New radio station helps Ukrainian refugees fleeing war adjust to Prague
It’s Radio Ukraine calling.
A new Prague-based internet radio station has started broadcasting news, information and music tailored to the daily concerns of some 300,000 refugees who have arrived in the Czech Republic since Russia launched its military assault on Ukraine.
In a studio in the heart of the Czech capital, radio veterans work with absolute newbies to provide refugees with what they need to know to settle in a new country as easily as possible.
The 10-person staff combines people who have fled Ukraine in recent weeks with those who have lived abroad for years. No matter who they are, their common goal is to help their fellow Ukrainians and their homeland against the brutal Russian invasion.
Natalia Churikova, an experienced journalist with Prague-based Radio Free Europe/Radio Liberty, said she couldn’t say no to an offer to become the channel’s editor-in-chief.
It was for my people, for people who really needed help, who really needed support, something that would help them start a new life or start their life over here after going through some really bad things trying to escape from Ukraine, Churikova said.
Employee Sofia Tatomyr is among those who left to escape the war.
The 22-year-old from the western town of Kalush was considering moving to another town in Ukraine when a friend called him one morning: Sofia, the war has just started.
Her parents and older brother chose to stay home, but wanted her to join her aunt in Prague.
It happened all of a sudden, she said. She boarded a bus alone in Cherniutsi and arrived 28 hours later in the Czech capital, a city she had never visited.
When I was already abroad, I remember when I was crying and trying to buy a ticket and I couldn’t spell which ticket I needed. It was really difficult, she said.
Tatomyr worked as a graphic designer and singer in Ukraine after graduating as a publisher and editor. Broadcasting was part of his college course. To his surprise, his aunt’s brother found a job ad for a new Ukrainian radio station.
She said she needed time to understand that not everyone can be on the front line in war and everyone has to do what they can do best.”
“This is how I enjoy doing my job, doing what I can do best, and this is the best way to help our people, I can help Ukraine. This is how I Think about it, she said.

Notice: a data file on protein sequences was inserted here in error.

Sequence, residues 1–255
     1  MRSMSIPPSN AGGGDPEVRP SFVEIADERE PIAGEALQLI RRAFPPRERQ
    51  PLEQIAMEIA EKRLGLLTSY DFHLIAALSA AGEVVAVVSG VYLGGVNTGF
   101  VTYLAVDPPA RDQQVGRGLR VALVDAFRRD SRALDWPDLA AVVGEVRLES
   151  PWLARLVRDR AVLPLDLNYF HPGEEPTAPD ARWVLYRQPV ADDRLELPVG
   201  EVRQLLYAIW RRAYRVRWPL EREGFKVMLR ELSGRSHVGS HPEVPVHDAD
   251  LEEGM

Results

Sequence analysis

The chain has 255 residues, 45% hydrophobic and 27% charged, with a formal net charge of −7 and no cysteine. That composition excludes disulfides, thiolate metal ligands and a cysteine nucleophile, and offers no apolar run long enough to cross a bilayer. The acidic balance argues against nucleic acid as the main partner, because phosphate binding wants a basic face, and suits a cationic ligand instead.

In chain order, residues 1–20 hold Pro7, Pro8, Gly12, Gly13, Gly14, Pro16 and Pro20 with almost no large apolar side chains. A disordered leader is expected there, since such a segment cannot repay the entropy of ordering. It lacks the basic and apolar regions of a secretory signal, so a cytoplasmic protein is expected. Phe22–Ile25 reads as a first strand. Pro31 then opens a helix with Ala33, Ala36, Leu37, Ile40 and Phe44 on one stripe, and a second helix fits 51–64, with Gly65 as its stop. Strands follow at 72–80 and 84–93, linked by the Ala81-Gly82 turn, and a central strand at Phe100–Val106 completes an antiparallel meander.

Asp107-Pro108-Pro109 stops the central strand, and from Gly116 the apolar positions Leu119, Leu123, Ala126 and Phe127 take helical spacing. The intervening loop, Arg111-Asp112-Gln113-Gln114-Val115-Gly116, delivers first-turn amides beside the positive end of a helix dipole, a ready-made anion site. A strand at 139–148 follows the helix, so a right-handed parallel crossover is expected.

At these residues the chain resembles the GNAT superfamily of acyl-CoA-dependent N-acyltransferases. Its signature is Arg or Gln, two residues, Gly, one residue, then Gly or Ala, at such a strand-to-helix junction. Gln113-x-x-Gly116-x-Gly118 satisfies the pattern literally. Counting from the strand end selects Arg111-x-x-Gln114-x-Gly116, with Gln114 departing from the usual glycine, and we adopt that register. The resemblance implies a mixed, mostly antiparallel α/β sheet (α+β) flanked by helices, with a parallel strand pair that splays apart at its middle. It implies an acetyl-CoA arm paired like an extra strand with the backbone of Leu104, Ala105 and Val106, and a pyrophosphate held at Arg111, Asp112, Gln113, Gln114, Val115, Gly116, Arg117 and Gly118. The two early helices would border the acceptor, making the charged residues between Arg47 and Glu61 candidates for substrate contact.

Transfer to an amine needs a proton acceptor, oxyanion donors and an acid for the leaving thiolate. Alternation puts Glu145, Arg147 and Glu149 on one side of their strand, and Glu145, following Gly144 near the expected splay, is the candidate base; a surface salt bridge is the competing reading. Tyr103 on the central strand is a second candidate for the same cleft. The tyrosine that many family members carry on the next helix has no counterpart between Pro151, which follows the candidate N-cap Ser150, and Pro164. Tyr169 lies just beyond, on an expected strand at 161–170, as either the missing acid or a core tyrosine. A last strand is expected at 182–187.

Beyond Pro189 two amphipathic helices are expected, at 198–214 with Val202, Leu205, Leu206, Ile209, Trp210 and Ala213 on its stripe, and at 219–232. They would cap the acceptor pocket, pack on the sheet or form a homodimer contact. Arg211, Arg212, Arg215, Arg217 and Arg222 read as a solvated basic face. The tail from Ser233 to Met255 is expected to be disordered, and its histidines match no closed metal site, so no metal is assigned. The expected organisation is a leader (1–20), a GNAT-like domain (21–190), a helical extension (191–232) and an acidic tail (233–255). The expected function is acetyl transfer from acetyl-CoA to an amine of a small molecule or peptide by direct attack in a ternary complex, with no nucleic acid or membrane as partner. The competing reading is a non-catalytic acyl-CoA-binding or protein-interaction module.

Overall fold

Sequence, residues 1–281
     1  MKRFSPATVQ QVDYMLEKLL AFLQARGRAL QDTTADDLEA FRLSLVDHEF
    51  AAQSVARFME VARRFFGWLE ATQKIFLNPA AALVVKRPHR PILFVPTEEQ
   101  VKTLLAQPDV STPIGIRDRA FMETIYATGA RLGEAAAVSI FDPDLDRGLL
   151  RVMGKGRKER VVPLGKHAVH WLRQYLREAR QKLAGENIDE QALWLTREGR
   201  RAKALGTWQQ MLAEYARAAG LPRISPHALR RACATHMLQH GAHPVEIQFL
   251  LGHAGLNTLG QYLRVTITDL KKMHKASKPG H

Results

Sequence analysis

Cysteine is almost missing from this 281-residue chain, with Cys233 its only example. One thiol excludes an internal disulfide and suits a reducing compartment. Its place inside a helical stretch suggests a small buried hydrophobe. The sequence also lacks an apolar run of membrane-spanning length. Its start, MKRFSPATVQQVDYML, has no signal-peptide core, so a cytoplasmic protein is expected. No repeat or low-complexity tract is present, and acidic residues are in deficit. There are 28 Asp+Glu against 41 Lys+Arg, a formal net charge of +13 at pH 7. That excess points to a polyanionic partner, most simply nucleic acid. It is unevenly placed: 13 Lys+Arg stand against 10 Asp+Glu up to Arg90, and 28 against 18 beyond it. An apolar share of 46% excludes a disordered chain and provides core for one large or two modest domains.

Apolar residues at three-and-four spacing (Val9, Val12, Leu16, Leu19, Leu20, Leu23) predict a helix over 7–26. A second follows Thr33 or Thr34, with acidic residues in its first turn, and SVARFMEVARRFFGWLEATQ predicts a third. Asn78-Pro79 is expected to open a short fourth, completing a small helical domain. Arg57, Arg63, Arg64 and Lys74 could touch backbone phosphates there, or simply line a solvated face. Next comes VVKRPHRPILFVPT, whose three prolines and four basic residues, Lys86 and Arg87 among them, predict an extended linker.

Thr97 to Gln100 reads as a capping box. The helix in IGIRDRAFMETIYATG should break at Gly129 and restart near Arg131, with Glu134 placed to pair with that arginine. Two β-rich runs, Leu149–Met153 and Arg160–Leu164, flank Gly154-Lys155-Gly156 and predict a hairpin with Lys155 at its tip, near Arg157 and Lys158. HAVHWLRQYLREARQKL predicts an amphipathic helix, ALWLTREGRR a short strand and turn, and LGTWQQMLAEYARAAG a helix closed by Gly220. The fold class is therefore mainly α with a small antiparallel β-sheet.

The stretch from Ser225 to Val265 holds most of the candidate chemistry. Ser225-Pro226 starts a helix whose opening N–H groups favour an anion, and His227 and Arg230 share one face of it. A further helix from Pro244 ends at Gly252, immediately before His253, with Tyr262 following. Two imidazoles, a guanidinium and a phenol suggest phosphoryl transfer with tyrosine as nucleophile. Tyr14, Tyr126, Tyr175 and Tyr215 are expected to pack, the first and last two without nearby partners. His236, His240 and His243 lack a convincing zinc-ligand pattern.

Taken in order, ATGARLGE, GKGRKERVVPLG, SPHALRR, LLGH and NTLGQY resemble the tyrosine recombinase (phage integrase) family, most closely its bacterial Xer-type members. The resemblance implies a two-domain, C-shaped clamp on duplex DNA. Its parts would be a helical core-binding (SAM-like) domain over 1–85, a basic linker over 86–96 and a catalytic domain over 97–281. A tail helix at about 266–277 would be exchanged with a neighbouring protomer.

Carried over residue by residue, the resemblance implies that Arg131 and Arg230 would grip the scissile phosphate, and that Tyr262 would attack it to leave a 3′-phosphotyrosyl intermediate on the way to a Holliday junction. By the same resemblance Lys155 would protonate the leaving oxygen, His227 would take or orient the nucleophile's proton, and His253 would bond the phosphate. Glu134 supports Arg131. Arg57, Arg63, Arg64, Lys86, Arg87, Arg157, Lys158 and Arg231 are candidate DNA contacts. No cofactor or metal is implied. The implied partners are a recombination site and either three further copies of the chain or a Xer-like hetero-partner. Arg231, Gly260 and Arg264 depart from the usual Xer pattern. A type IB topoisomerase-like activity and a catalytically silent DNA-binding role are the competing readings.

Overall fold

Safe in Prague, she was still trying to come to terms with the invasion of her homeland.
It’s awful, she said. I still can’t find any logical explanation for what they do and why they do it. In the 21st century, a war? Why? We were a peaceful nation living only our lives.
Another presenter, Marharyta Golobrodska, was working as an editor for a software company when she received a call from Churikova, whom she had known from an internship at Radio Free Europe.
I used to consider early risers to be ready to work from 6 a.m., but that’s what I do now and I really appreciate it, Golobrodska said. That’s what I’ve always wanted to do, be useful to my country, even though I live so far away.
For 12 hours every weekday and 11 a.m. on weekends, Radio Ukraine plays Ukrainian and Western music while presenting news from Ukraine and the Czech Republic as well as information for refugees every 15 minutes .
It includes details of where they can get the documents they need from local authorities, how to get a job or medical treatment, or how to find places for children in schools. Children can listen to Ukrainian fairy tales.
Originally from the southern city of Mykolaiv, Golobrodska has lived in the Czech Republic for eight and a half years. After the invasion, she traveled to western Ukraine to meet her mother and 9-year-old sister and lead them to safety. In Prague, she involved them in her show.
My mother, for example, told me that she would like to know what she is not supposed to do here. For example, that she cannot park the car wherever she wants in Ukraine, she said.
Bohemia Media, which operates several radio stations in the Czech Republic, came up with the idea to launch the station. He provided a studio and his employees cooperated with the Ukrainian Embassy, the local Ukrainian community and others to make it a reality in three weeks. It also covers wages.
Lukas Nadvornik, the owner of Mediapark, a company that represents Bohemia Media, said the plan was for the station to stay on the air for as long as necessary. The main task for now is to make its existence known to as many potential listeners as possible.
One of them is Sophia Medvedeva. The 23-year-old web designer couldn’t hold back her tears as she spoke about the recent six-day journey with her mother and younger brother from Mykolaiv to Krakow, Poland.
But in Prague she joined her fiancé, and Radio Ukraine helped her adjust to a new life.
I’m so amazed to have the chance to listen to Ukrainian music when I’m not in my native country. I feel that I am not alone, she said. His only recommendation is to invite a psychologist to counsel Ukrainian refugees on how to deal with survivor syndrome and deal with depression.
(Only the title and image of this report may have been edited by Business Standard staff; the rest of the content is auto-generated from a syndicated feed.)